Volume is key to the chip-co; remember when DSP was first thrown at optical for dispersion compensation? It was like black magic for its ability to solve aberrations occurring in transit with DSP at the receiver. There was a massive wave of investment in that area because the technology offered such a compelling value proposition. Unfortunately, the volumes couldn’t support the chip economics, even in a high volume optical application like telcom (which for laser jocks is like consumer electronics is to PC people), you were still only selling say 50,000 transponders that needed EDC which simply couldn’t support the economics of a single chip-co let alone a flurry of them.
On the positive side, they are great because chips have the unique ability to integrate functionality on a scale never seen before. Remember how wireless started on a card or a USB plug-in and ended up as a feature on an Intel chip?
So once you are in, you can retain your gross margin and ASP simply by adding more and more functionality to your chip through integration of other hardware and software functions elsewhere in your customer’s product. From the customer perspective you are taking cost out of their product and driving up their gross margin, and at the same time you are supporting yours, albeit by eating someone else’s lunch ;-(.
There is a particularly interesting connection between CMOS and optical, at least for me, because the parallel processing potential of optics is so great, and the DSP capability of CMOS offers the ability to solve tough optical problems. The combination of the two often leads to great technologies, at least when there aren’t 20 companies funded at once to do it (circa 2000). Hey, maybe this is a good time to do a chip deal ;-)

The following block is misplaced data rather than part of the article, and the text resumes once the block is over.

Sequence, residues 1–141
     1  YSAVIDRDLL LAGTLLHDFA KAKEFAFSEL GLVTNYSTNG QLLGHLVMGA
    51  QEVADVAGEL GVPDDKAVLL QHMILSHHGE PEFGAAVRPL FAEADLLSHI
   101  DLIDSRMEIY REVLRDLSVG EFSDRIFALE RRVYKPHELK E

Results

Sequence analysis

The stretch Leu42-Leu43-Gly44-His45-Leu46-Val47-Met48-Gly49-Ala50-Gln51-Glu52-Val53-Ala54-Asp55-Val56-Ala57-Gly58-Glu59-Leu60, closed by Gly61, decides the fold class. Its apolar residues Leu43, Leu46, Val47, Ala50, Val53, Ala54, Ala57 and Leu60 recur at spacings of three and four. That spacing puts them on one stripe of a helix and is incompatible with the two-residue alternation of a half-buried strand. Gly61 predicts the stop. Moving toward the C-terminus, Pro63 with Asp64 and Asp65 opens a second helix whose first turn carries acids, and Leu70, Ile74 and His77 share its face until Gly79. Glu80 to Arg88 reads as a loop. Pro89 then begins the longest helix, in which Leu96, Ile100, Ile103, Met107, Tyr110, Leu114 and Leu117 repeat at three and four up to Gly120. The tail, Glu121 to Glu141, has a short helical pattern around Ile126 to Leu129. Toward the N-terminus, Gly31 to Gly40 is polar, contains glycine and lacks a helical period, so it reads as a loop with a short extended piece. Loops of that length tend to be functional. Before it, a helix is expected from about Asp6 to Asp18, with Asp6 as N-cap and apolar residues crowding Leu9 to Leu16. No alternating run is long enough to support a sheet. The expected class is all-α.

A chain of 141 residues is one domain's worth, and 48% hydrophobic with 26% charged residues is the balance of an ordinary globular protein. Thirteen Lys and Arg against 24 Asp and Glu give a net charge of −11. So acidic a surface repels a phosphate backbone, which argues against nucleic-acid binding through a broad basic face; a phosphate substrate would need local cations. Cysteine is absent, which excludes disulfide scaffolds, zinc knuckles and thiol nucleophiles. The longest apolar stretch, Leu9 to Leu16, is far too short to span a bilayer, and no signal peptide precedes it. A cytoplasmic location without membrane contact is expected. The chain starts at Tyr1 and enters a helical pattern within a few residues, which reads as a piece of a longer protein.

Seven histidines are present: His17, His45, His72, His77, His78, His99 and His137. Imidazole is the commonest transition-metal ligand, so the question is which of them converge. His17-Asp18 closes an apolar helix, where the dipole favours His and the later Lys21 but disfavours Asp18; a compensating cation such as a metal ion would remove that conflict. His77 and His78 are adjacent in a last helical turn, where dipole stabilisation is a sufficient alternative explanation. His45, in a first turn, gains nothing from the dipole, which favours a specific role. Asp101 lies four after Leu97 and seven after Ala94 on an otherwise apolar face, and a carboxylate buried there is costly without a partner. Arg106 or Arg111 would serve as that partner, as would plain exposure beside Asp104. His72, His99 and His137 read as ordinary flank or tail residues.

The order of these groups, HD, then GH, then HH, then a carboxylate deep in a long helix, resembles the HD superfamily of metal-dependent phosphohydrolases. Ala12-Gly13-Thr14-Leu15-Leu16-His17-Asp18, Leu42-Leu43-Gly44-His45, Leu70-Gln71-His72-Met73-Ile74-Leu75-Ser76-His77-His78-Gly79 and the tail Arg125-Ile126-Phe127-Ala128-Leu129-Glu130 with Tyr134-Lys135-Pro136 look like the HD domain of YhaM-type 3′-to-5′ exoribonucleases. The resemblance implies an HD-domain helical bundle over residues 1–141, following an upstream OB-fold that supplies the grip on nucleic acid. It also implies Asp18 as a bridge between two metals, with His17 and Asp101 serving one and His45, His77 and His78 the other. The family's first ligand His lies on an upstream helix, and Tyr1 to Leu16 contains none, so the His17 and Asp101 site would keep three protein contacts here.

Responses to Comments:
To Life Saving Beverage Maker:
It's true that at acquisition time many investors don’t seem to value the team, but I think it's all about Team--and a good investor should be part of that team, otherwise, sure, put the money in the bank instead. Man, we’ve met a few VCs who acted a lot more like bankers when it came to risk haven’t we?
Mate, I was actually thinking of Lightbit when I wrote this one; the CEO or Chairman should answer your question, but if you shoot me an email, I will forward to them. From the VC’s perspective it was a top quartile success, and 3x return in the year after IPO is great – but you’ve given me a great idea for a future blog, thanks.
Tuesday, August 26, 2008
Rewind 6 months to the painful realization that the company should not be funded again and needs to find a buyer. Should they engage a banker? (need another Blog on this). How many months did the investors & founders spend arguing over the liquidation preference and management carveout?
Typically, when the market is poor, management teams negotiate a carveout in the event of sale to overtake the liquidation preference of the investors and assure the team of some return. What’s interesting about this situation is how common it is and how it is reversing the urban myths of VCs reneging on deals. In this case management is reneging--they took the investor’s money and promised a return, agreed to preferences, probably participating preferred and liquidation, maybe anti-dilution to boot--so what’s going on here!?!